This grant supported two independent but related efforts within the NYS Department of Health. The first of these was the improvement of case ascertainment, follow-up and investigation of pesticide poisonings. The second was the development of computer software to store, analyze and report case information. Findings in each area are discussed separately below. Pesticide poisonings are a reportable condition in NYS, under Part 22 of the State Sanitary Code (Appendix). Reporting entities are "physicians, clinical laboratories and health care facilities". Reporting by clinical laboratories is upon completion of an analysis of a blood cholinesterase test that is below the normal range (an effect of the so-called cholinesterase inhibiting pesticides in the organophosphate and carbamate chemical classes), or tissue analysis for pesticide residues. In practice, there are few laboratories performing, and few physicians ordering, actual tissue analysis for pesticides. This is due the high cost of such tests, and the limited diagnostic value of such tests. Cholinesterase tests are valuable in case ascertainment, but efforts in obtaining these reports must be targeted. While depressed blood cholinesterase levels are a well known effect of some pesticide classes, they are also caused by other medical conditions, including pregnancy, stroke, ALS, and electroshock therapy. In addition, a small percentage of the population has a blood cholinesterase level in the 'below normal' range. Reports received from commercial clinical laboratories largely reflect medical tests that are requested as part of normal health care related to these conditions, as well as for pre-surgical screening by anesthesiologists. Unfortunately, such clinical results include only the name of the patient and the provider; in order to determine if these tests are due to a pesticide exposure, follow-up with the health care provider is required. The number of pesticide related cases is minimal, and the effort to make the case ascertainment is not productive. Valuable reports are received from employers who operate their own laboratory, and screen their employees who handle or apply pesticides as part of routine health and safety practices. Such employer-operated laboratories are cost effective for the employer, are certified by NYS and provide a reliable source of pesticide-related cholinesterase reports. Typically, these employers are commercial lawn care services providers and pesticide manufacturers, formulators or re-packagers. In the last few years, employer-based labs have been supplanted by the use of commercial labs. In some cases it is possible to identify employer-sponsored tests in the stream of clinical reports; the employer, or employer's physician, is identified as the source of the sample. Physician and health care facility reporting is a dependable source of pesticide poisoning reports. While under-reporting is likely, these cases involve a physician's assessment of the patient, and include an array of signs and symptoms whose presence and time of appearance can be correlated with the known effects of pesticides. This is important for case evaluation and the case classification scheme incorporated into the software described below. In addition to the required reporting sources, physicians, health facilities and clinical laboratories, NYS has also pursued reporting by poison control centers. This has met with mixed success. A close relationship with the New York City Department of Health and Mental Hygiene allows the PPR to obtain a monthly upload of PCC data. This upload is performed using a secure file transfer utility in a secure network maintained by NYSDOH and in which both PPR and NYCDHMH have accounts. The Finger Lakes PCC also transmits pesticide poisoning reports quarterly using PDF files and a secure file transfer system. Unfortunately, no other PCC is able to send reports this way. They have an ability to send reports as e-mail attachments, but this violates DOH security policy; e-mail messages are not secure and may pass through many internet servers in route. In this aspect of the grant, the funds enabled NYS to 'combat' under-reporting by targeting specific provider populations and exploring new sources of reports. NYS implemented its pesticide reporting regulations in 1991. Software was developed to document reports and effort, however the initial software architecture was 'na´ve'; pesticide reports turned out to be more complicated than its flat-file structure anticipated. When more than one person was affected by a pesticide application, details of the event narrative had to be entered in every record. Although this was fairly easy to do using 'cut & paste', it resulted in duplicate data that was difficult to maintain changes to the narrative were made. In addition there was no unique identifier for each person; persons with multiple exposures could not be easily matched (this is common for seasonally exposed lawn care workers). In 1997, NYS began redesigning its software to accommodate multiple persons in the same event, and persons with multiple events. At the same time, NIOSH was developing a consistent set of core variables to be used by states receiving funding to report pesticide poisonings to a national database under the SENSOR program. NYS included compliance with the standard variables as part of the redesign. In 1999, NYS was asked to make the software available to other states, and the application was 'delocalized' and distributed through NIOSH. At that time the software received a new name, SPIDER, an acronym for SENSOR Pesticide Incident Data Entry and Reporting. SPIDER is a network ready, multi-user data entry application written in Microsoft Visual FoxPro, a fully relational database development environment. Data is validated against the NIOSH Standard variables definitions through both look-up tables and field validation procedures. It includes an export routine that removes identifiers before data is aggregated at NIOSH. Through the SENSOR grant, NYS has updated the software annually with new pesticide products registered by EPA, and to accommodate new variables and changed core definitions. In 2005, SPIDER was upgraded to Microsoft Visual FoxPro 9.0.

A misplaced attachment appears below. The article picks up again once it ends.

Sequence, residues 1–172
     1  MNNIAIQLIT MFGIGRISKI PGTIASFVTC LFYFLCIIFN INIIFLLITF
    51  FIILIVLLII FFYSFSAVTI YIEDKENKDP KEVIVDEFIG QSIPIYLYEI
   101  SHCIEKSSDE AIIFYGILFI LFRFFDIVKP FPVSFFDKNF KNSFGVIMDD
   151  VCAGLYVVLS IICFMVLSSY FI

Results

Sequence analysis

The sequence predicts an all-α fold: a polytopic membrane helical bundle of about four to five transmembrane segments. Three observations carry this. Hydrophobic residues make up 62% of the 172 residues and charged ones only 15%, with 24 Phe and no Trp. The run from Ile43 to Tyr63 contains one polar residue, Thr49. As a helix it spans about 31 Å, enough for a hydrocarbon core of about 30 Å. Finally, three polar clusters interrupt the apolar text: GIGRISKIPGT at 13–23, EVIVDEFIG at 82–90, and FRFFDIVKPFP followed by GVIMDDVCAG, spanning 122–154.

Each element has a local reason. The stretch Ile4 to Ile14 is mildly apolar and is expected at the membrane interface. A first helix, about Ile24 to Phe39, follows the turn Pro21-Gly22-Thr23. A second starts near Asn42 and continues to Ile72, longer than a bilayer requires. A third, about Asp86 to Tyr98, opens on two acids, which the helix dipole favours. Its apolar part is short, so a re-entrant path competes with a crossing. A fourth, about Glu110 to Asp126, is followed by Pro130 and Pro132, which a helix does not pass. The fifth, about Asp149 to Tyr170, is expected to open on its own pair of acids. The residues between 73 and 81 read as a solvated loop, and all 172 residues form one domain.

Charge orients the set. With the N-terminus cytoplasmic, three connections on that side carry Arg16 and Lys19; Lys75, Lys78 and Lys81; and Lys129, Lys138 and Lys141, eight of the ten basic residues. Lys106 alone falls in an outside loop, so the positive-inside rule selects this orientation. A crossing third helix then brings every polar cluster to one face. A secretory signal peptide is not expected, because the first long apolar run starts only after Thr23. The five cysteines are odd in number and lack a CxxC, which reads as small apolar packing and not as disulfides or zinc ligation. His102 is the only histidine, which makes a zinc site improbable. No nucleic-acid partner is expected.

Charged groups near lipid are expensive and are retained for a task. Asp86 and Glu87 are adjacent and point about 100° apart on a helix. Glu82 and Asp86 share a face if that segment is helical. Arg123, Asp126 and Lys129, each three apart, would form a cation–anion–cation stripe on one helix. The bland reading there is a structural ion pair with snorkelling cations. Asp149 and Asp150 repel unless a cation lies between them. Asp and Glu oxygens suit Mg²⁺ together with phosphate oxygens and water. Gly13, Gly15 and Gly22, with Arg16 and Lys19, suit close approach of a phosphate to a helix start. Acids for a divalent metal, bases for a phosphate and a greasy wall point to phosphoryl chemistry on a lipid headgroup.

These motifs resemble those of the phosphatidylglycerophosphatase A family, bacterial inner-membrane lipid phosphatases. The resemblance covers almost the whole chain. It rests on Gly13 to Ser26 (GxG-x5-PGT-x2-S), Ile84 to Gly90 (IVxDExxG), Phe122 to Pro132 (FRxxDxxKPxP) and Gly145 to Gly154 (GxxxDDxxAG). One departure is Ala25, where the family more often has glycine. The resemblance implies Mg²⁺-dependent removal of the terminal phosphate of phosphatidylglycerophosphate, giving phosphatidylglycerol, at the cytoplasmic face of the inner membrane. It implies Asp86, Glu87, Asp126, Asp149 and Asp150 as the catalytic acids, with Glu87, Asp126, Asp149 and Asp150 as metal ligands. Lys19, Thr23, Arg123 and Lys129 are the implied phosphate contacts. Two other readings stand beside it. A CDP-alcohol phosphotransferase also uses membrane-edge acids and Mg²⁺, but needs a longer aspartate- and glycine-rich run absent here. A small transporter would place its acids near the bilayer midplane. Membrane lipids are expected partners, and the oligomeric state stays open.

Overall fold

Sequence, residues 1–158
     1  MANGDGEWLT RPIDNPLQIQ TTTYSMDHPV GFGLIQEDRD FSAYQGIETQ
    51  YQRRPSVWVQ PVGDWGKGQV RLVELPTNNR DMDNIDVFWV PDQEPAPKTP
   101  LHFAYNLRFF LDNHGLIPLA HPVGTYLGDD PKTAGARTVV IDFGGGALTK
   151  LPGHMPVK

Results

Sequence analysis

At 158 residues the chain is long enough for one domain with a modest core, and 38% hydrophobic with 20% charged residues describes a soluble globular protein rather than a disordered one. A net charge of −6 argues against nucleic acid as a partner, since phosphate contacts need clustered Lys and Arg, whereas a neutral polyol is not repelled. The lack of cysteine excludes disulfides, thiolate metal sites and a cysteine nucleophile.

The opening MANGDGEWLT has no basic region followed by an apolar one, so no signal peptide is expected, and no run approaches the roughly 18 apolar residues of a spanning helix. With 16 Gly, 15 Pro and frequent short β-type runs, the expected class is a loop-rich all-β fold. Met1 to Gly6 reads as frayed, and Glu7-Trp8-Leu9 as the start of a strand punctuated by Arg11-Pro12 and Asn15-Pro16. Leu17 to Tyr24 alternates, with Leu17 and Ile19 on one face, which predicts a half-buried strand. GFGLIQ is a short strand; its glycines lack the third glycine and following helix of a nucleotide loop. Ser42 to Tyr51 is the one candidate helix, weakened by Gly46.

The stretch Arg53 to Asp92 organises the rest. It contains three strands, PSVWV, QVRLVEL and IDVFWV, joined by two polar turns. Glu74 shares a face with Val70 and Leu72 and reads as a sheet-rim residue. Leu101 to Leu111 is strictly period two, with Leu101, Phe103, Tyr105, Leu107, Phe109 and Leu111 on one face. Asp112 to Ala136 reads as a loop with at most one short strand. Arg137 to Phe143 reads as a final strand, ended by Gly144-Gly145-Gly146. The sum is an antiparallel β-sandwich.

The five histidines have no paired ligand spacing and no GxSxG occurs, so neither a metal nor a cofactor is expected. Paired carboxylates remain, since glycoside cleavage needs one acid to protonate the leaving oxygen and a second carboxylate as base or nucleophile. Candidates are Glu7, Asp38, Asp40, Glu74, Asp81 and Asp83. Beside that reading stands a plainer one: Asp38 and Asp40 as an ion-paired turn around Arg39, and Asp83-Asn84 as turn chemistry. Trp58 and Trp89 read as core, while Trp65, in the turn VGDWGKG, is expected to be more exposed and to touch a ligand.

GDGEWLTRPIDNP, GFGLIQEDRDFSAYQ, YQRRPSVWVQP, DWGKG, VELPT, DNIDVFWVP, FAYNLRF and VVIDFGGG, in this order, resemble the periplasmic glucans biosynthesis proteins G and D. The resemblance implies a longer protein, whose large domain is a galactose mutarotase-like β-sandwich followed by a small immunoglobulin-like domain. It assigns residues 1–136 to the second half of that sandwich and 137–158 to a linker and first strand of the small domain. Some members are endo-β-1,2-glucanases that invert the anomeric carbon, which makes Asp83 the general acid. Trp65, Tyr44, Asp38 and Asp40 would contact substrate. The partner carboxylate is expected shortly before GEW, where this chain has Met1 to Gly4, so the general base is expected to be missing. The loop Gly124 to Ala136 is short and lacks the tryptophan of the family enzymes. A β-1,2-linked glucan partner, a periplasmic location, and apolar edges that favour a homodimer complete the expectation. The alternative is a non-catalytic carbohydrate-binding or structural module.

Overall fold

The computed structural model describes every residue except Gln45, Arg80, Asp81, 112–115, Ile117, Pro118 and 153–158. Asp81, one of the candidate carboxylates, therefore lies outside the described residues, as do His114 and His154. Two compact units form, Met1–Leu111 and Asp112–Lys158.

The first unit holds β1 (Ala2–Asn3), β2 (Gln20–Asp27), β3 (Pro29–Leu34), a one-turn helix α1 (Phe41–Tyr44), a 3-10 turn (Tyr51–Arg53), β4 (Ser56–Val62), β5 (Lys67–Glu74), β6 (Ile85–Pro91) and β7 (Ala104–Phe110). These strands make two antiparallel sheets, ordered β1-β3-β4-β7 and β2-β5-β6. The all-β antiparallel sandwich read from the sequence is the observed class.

New York State Department of Health, Bureau of Occupational Health, Flanigan Square - Room 230 547 River Street, Troy, NY 12180